EMC – Sometimes RAID 6 can be a PITA

This is really a quick post to discuss how RAID 6 can be a bit of a pain to work with when you’re trying to combine traditional CLARiiON / VNX DAEs and Storage Pool best practices. It’s no secret that EMC strongly recommend using RAID 6 when you’re using SATA-II / NL-SAS drives that are 1TB or greater. Which is a fine and reasonable thing to recommend. However, as you’re no doubt aware, the current implementation of FAST VP uses Storage Pools that require homogeneous RAID types. So you need multiple tools if you want to run both RAID 1/0 and RAID 6. If you want a pool that can leverage FAST to move slices between EFD, SAS, and NL-SAS, it all needs to be RAID 6. There are a couple of issues with this. Firstly, given the price of EFDs, a RAID 6 (6+2) of EFDs is going to feel like a lot of money down the drain. Secondly, if you stick with the default RAID 6 implementation for Storage Pools, you’ll be using 6+2 in the private RAID groups. And then you’ll find yourself putting private RAID groups across backend ports. This isn’t as big an issue as it was with the CX4, but it still smells a bit ugly.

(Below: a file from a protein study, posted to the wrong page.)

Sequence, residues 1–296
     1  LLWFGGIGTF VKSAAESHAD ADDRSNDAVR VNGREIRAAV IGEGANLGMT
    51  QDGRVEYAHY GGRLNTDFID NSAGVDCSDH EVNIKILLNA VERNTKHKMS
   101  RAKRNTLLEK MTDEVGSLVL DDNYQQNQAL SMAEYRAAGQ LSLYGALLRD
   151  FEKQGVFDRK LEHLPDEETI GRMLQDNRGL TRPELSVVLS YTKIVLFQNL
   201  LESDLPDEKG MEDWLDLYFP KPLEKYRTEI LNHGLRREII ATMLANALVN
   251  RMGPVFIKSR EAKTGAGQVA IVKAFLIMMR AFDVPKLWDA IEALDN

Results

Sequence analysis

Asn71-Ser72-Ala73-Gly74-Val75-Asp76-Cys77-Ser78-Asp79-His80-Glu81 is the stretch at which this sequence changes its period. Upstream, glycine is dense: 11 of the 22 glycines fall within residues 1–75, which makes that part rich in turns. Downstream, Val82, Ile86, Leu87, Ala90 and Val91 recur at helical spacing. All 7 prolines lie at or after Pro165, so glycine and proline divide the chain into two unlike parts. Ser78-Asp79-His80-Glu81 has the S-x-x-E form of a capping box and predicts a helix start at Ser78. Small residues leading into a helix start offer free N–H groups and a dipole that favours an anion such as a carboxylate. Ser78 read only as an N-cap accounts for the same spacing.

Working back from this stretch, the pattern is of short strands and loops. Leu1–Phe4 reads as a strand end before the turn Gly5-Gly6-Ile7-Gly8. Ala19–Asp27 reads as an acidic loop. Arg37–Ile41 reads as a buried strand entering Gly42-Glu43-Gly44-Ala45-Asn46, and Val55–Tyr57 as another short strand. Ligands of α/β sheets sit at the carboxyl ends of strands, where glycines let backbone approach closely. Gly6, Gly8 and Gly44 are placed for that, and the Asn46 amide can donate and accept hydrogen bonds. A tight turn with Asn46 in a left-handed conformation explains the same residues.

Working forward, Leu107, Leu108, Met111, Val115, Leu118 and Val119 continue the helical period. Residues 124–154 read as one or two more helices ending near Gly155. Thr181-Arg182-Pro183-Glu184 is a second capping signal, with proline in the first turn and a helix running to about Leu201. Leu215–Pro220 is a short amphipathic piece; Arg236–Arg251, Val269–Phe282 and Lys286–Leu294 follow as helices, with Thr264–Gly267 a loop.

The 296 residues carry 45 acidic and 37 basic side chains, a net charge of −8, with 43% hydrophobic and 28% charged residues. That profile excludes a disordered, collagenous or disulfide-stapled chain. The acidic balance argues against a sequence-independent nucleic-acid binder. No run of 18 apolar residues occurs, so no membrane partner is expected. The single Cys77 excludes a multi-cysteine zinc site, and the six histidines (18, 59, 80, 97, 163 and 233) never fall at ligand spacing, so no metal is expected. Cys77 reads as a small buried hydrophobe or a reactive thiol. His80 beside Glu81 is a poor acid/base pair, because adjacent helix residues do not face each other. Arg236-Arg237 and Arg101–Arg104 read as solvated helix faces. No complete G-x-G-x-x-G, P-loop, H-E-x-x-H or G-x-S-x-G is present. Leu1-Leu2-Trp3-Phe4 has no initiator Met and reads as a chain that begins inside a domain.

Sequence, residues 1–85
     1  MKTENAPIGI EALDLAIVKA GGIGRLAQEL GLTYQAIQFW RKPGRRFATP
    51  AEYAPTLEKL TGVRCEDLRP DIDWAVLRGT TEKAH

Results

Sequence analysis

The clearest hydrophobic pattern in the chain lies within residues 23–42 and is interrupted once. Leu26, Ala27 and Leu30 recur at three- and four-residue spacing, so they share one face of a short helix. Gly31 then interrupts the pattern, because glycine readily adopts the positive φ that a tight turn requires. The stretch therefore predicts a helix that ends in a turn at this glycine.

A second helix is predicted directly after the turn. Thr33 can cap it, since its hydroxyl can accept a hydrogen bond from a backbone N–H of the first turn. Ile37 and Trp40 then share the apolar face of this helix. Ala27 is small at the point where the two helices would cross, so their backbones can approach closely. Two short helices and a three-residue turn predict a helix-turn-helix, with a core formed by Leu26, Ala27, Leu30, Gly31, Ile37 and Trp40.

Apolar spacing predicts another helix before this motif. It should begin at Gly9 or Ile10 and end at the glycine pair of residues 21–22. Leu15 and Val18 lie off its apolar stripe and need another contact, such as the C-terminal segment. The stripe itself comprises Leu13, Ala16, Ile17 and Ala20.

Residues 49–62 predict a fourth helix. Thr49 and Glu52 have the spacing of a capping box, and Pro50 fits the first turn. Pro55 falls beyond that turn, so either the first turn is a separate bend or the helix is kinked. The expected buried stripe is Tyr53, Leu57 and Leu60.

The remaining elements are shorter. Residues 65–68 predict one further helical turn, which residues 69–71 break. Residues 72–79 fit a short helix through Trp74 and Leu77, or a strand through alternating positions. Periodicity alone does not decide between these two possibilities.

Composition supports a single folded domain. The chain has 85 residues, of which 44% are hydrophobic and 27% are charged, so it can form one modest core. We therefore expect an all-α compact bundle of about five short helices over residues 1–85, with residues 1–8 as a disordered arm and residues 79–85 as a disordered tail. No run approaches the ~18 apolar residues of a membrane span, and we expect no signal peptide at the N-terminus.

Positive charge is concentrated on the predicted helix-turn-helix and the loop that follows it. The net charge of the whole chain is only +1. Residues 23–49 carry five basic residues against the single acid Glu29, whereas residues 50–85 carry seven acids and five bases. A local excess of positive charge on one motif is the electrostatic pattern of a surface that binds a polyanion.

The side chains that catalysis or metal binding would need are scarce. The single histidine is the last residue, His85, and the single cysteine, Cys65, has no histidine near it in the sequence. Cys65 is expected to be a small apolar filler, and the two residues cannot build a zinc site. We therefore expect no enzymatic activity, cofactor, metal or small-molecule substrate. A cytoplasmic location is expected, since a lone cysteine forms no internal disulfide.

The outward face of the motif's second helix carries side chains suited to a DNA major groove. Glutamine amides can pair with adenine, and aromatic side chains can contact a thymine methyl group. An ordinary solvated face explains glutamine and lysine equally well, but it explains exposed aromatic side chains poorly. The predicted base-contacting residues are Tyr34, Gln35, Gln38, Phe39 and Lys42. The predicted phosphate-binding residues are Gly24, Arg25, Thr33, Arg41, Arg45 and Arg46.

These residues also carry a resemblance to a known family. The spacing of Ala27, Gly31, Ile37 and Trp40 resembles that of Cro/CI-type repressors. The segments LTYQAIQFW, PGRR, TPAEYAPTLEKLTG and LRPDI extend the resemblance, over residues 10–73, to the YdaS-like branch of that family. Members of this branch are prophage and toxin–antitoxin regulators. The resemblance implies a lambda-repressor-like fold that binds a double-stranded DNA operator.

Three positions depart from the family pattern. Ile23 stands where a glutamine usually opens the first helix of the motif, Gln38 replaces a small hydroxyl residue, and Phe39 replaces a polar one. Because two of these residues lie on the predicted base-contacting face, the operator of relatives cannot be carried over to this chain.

What I have found, however, is that you can get the CLARiiON to create non-standard sized RAID 6 private RAID groups. If you create a pool with 10 spindles in RAID 6, it will create a private RAID groups in a 8+2 configuration. This seems to be the magic number at the moment. If you add 12 disks to the pool it will create 2 4+2 private RAID groups, and if you use 14 disks it will do a 6+2 and a 4+2 RAID group. Now, the cool thing about 10 spindles in a private RAID group is that you could, theoretically (I’m extrapolating from the VNX Best Practices document here), split the 8+2 across two DAEs in a 5+5. In this fashion, you can increase the rebuild times slightly in the event of a disk failure, and you can also draw some sensible designs that fit well in a traditional DAE4P. Of course, creating your pools in increments of 10 disks is going to be a pain, particularly for larger Storage Pools, and particularly as there is no re-striping of data done after a pool expansion. But I’m sure EMC are focussing on this issue in the future, as a lot of customers have had a problem with the initial approach. The downside to all this, of course, is that you’re going to suffer a capacity and, to a lesser extent, performance penalty by using RAID 6 across the board. In this instance you need to consider whether FAST VP is going to give you the edge over split RAID pools or traditional RAID groups.

I personally like the idea of Storage Pools, and I’m glad EMC have gotten on-board with them in their midrange stuff. I’m also reasonably optimistic that they’re working on addressing a lot of issues that have come up in the field. I just don’t know when that will be.